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Why mandatory vaccination for care home staff makes sense

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Dr Chris Papadopoulos, Principal Lecturer in Publi Dr Chris Papadopoulos, Principal Lecturer in Public Health, University of Bedfordshire

Recently the UK Government created controversy by announcing mandatory Covid-19 vaccination for all care home staff in England. This move drew attention to the fact that as of last month, only 64.7% of care homes for older people in England (and only 44.1% in London) had met the one-dose per staff member minimum requirement to reduce the risk of outbreaks in these high-risk settings, and that only 40.5% of England’s care homes had fully vaccinated staff (dropping to 23% in London).

These statistics are concerning, particularly given how vulnerable care home patients are. Also concerning are the higher levels of vaccine hesitancy among social care staff compared to other NHS staff (a difference of approximately 15%). Mandatory vaccination among social care staff would undoubtedly reduce the risk of COVID-19 transmission and illness among patients, visitors, other staff and broader communities, so why has this policy been met with such vehement disapproval by so many?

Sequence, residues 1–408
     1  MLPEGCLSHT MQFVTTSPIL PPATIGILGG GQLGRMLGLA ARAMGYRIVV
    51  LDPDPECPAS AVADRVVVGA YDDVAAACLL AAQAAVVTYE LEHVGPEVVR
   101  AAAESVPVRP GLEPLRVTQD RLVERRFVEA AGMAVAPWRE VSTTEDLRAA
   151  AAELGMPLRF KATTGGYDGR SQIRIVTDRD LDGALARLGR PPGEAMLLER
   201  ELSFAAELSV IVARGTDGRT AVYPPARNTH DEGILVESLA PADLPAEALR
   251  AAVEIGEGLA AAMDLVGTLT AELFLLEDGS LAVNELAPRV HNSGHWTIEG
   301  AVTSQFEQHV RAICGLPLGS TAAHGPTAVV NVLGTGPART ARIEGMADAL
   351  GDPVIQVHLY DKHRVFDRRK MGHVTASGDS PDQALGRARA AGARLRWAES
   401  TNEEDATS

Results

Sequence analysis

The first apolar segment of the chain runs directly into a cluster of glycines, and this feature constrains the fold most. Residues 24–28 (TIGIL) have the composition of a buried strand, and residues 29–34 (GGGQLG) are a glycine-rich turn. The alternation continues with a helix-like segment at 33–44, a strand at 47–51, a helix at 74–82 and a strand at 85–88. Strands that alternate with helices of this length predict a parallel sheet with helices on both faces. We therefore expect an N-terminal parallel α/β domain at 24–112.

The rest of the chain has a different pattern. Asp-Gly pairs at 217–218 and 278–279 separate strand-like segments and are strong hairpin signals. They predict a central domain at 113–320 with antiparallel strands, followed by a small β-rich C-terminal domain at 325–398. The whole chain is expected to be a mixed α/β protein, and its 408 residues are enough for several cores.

The reason is mainly because this policy strikes at a value we treasure so dearly in the UK: individual liberty. By making vaccination mandatory, are we not denying such staff their right to make their own individual choice? And what does this mean for the rest of us? Could our right to choose to receive a vaccination or not be threatened in the future?

Ultimately, the value of liberty cannot supersede our other core values under all circumstances, particularly when the circumstance is a deadly pandemic that threatens public safety - another core value we ascribe to. A line has to be drawn somewhere and done so reasonably in a way that weighs up the individual and social benefits and costs.

Indeed, if COVID-19 vaccination rates for care home staff were higher, a mandatory vaccination policy would not have been invoked. How much higher they should have been is unclear, but what is clear is that the current rate is not high enough, especially as the Delta variant has increased community transmission and reduced the efficacy of current vaccines. As such, thinking preventatively (key to public health policy), a mandatory approach now will yield substantially greater protection against the next inevitable COVID-19 variant that enters our shores until we have a global stranglehold on this virus.

However, this policy comes with risks. Firstly, there is the danger that care home staff who have been hesitant to vaccinate will experience raised anxiety – an outcome that we desperately wish to avoid given the distress and trauma they have already experienced, particularly during the earlier stages of the pandemic when so many care home residents and staff tragically died. However, the prospect of raised anxiety will, to some extent, be offset by the likelihood that many other vaccinated staff will feel more at ease with the knowledge that their colleagues are vaccinated. There is also the risk that some staff will resign in protest, leaving an already stretched social care system in even further trouble. To help prevent this, the Government could – and should – reward the entire NHS social care population with a meaningful boost in salary, something that is already long overdue.

Dr Chris Papadopoulos, Principal Lecturer in Public Health, University of Bedfordshire




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